Sometimes, I look back at my records or I think over the end of a dayand realize that I shortchanged someone by not really listening to themor by getting distracted when I should have been thinking. Sometimes, aclient won't hear what I am saying for similar reasons, probably.

Perhaps your vet did test for these problems and was left with the optionof making a "best guess" as to the other possible causes for the symptomsseen. If not, you really do need to let him know you want this looked intofurther.

Mike Richards DVM Hypoglycemia(Low Blood Sugar) in a Young Dog

Q: Our dog has hypoglycemia that becomes acuteabout once a month. We have been to a neurologist, nutritionist, and severalvets. The latest theory of one is that it could be insulinoma. My questionis would insulinoma produce excessively low blood sugar (25, for example)as seldom as once a month with normal (90-116) periods between? The pupwas just one year old. We got him from a breeder as a rescue pup becausethe breeder thought it was epilepsy. I'd appreciate any information youcould give.

A: I am not a specialist at anything, just a generalpractitioner with a lot of books. Just a warning, since sometimes peoplethink I actually remember all this stuff or that I might be a specialistin some field.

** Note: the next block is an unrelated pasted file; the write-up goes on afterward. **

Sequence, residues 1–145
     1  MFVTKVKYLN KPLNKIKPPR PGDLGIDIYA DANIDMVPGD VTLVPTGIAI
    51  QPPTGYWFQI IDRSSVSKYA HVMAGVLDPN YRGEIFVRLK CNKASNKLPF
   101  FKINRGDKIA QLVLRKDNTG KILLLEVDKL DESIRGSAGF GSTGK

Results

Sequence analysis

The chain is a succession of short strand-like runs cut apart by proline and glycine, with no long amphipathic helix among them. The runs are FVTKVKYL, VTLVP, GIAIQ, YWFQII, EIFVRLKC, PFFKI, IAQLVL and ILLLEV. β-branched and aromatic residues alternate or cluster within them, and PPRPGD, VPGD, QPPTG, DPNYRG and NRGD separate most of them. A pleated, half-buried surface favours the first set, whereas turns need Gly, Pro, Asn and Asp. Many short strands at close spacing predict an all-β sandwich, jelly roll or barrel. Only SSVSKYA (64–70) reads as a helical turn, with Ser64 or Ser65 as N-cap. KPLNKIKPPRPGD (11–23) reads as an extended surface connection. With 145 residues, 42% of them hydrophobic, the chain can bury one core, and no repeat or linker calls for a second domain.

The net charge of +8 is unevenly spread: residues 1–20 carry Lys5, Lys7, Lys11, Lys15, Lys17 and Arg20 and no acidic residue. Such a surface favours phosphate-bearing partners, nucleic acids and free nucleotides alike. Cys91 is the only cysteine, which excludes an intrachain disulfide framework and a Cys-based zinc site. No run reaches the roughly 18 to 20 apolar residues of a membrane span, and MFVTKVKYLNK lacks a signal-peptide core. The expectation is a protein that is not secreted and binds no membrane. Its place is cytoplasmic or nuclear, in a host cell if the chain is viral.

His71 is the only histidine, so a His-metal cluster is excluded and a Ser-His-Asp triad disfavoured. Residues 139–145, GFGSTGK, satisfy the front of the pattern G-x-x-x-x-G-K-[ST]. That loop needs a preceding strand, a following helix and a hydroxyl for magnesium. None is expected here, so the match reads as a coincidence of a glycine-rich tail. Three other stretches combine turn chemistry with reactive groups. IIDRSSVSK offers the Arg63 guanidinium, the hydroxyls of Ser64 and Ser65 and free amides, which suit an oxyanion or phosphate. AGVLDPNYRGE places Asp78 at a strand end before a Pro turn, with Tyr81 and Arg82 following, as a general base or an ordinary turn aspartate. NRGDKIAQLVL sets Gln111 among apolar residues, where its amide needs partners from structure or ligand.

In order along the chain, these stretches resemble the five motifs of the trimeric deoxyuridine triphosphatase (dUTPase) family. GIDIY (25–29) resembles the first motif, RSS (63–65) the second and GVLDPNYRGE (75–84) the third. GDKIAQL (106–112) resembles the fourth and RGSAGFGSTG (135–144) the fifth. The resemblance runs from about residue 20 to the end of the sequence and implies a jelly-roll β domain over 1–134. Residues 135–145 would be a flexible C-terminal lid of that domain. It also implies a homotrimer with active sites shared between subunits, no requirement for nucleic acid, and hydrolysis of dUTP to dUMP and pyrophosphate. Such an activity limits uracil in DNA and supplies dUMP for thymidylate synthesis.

It would be very helpful to know what breed of dog you have and howbig he is. Toy breeds are prone to hypoglycemia at young ages because ofliver glucose storage/utilization problems. Hunting dogs seem to get atransient hypoglycemia when worked that I have not seen an explanationfor. Insulinoma is a possible cause of hypoglycemia because an insulinproducing tumor would make it hard to keep blood glucose levels up. Thisis probably the most common cause of hypoglycemia but my understandingis that it is much more common in older dogs. Liver disease is reportedto cause hypoglycemia at times. I have seen severe hypoglycemia in a dogwith bacterial septicemia --- but it was very very ill, as you might expect.That leaves the one mystery disease that always seems to be possible whenevera dog just isn't doing "right". Hypoadrenocorticism (Addison's disease)can sometimes cause hypoglycemia. It is usually mild but it can get severe.It is usually accompanied by other signs, like inappetance, vomiting, weaknessor slow heart rate, but sometimes hypoglycemia is the only noticeable sign.Whenever I feel stumped by a situation in which this disease is remotelypossible, I test for it as long as the dog's owners don't mind paying forthe testing.

The only problem with this list is that your vet and the specialistsare very likely to have considered everything on it. I don't think it istypical of insulinomas to cause really transient blood sugar drops. Itcan seem that way as the levels vary during the day but most of the timeit will show up with several blood samples or consistently with fastingunder close supervision. This may be a situation in which whatever is wrongis very untypical, though. That can make it very hard to get to the correctdiagnosis.

Good luck with this.

Mike Richards DVM


Michael Richards, D.V.M. co-owns a small animal general veterinary practice in rural tidewater Virginia. Dr. Richards graduated from Iowa State University's College of Veterinary Medicine in 1979, and has been in private practice ever since. Dr. Richards has been the director of the PetCare Forum...